POSTED 5:00 PM, NOVEMBER 1, 2018, BY KELLY ROLIARD, UPDATED AT 05:29PM, NOVEMBER 1, 2018
First industrial hemp officially harvested in Oklahoma
OKLAHOMA CITY – The first crops of industrial hemp have been officially harvested in Oklahoma.
Botanac, an Oklahoma Industrial Hemp Production Company harvested 104 acres and the seeds are officially for sale.
Industrial hemp is now legal to grow in Oklahoma. That’s after Governor Mary Fallin signed House Bill 2913 in April of 2018.
Now– Botanac is the first to grow and harvest hemp.
‘It’s very exciting to be the first to harvest Industrial hemp in Oklahoma,” said Tina Walker, The President of Botanac.
Walker says their industrial hemp was planted in July and harvested two weeks ago.
“Our seed that we planted is called Yuma Crossbow,” said Walker. “It’s from Colorado. We planted it here. It’s a dual-purpose crop, meaning that you can get the seed as well as biomass from the plant that is high in CBD.”
Their plant also tested point one seven, which is well below the point three THC threshold.
Botanac will now use the seeds for replanting and to sell.
“We`re going to sell the entire plant which includes the roots,” said Walker.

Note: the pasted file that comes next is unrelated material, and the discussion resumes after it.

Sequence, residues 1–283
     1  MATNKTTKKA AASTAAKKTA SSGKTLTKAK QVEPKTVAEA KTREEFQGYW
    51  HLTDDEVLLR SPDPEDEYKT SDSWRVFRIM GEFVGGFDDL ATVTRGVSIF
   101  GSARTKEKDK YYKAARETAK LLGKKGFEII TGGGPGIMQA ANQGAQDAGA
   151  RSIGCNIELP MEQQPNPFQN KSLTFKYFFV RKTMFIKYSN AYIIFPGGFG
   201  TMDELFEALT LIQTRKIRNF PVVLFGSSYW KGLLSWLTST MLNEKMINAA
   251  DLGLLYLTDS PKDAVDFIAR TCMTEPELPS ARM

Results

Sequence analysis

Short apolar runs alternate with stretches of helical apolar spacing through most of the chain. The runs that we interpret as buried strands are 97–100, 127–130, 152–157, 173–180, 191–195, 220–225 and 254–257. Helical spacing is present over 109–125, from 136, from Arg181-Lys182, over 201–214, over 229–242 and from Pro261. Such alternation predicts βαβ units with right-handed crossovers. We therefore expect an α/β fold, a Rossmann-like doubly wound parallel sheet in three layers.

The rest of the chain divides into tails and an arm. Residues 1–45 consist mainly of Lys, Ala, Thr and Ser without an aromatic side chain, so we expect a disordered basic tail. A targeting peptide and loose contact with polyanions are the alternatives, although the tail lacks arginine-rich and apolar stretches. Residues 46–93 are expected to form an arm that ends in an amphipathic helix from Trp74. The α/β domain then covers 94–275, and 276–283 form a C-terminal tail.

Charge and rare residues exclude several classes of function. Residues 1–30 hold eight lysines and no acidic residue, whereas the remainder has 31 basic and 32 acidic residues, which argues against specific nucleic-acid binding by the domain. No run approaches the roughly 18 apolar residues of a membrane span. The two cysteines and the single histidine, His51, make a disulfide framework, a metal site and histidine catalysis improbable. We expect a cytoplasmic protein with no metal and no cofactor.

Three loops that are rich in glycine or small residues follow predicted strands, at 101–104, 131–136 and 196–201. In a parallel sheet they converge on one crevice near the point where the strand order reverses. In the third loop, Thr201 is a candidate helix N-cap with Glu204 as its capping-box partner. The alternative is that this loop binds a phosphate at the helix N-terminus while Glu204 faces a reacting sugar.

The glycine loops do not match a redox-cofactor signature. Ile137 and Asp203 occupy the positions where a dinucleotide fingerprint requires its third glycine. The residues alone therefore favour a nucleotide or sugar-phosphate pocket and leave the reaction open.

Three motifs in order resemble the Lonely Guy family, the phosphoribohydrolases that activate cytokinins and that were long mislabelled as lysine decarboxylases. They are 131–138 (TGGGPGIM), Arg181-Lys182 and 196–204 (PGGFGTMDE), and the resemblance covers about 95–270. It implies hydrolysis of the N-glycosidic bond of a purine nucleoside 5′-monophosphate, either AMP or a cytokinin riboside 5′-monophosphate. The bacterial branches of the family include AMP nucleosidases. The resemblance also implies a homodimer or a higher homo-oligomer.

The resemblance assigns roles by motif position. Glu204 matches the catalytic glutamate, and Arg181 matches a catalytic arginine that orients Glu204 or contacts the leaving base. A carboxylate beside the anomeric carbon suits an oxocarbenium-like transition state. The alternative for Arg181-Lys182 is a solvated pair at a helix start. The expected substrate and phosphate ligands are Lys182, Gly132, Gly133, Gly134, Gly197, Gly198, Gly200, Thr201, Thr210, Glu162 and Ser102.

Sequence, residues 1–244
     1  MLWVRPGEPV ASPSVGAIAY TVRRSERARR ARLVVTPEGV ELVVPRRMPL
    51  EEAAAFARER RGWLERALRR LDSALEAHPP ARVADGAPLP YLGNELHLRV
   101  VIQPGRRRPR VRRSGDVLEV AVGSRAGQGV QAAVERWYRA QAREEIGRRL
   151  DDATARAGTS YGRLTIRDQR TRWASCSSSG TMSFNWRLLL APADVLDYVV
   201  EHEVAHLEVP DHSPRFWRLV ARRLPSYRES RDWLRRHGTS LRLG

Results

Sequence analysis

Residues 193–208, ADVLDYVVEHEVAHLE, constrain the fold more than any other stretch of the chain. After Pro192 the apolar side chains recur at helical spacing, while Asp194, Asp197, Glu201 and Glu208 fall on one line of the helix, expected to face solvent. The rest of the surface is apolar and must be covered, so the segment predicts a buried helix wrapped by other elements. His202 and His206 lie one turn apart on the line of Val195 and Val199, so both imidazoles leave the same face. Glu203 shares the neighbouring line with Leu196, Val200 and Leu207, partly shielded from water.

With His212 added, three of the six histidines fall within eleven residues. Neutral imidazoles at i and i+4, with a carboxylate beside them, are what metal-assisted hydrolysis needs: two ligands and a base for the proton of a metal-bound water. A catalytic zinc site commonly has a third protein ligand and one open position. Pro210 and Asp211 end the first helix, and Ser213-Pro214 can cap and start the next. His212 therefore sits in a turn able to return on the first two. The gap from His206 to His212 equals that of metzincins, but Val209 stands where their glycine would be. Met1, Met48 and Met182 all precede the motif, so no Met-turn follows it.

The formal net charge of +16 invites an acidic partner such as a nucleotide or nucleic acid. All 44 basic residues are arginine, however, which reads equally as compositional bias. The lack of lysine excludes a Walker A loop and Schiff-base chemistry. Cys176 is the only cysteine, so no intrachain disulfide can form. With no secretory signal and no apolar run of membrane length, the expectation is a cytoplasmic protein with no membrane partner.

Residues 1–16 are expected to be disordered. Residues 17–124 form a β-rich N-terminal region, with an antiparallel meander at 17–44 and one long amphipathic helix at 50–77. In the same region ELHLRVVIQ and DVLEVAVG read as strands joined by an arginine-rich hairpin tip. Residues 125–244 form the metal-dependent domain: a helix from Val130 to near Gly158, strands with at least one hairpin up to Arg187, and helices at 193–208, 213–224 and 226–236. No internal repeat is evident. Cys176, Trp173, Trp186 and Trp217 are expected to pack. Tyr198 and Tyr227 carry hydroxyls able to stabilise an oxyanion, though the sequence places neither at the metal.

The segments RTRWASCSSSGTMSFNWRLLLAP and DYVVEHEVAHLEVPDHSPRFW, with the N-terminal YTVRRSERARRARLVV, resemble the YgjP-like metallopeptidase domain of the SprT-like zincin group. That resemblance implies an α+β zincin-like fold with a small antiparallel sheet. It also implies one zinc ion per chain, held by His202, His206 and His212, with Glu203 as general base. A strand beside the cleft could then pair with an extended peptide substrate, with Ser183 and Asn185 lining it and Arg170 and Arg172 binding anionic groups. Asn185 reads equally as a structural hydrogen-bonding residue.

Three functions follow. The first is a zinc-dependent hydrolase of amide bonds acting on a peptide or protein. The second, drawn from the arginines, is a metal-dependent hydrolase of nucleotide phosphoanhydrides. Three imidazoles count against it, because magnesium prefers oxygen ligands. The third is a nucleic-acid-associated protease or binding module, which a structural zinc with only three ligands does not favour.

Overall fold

Botanac started a pilot program back in April with Redlands Community College and Langston University to study and grow the crop.
Soon, the schools will have their own indoor growing facilities and they will use what they learn to educate the rest of the state.
Walker says some college students will also be hands on with hemp.
“We need to find out what cultivars work in Oklahoma and what cultivars don`t,” said Walker. “Educate our farmers on how to grow. Educate our farmers on the best methods to sell that product.”
Walker says they are already getting ready for next year’s harvest. She says the goal is to make hemp Oklahoma’s 2nd viable crop–along with wheat.
“It helps everybody from who we sell to and how we plug into the stream of commerce to the markets that are available, that’s a good thing for our farmers and that’s a good thing for businesses in Oklahoma,” said Walker.
Walker says the hemp fibers will also be sold to a company in California to make clothing, but the seeds are officially for sale in Oklahoma.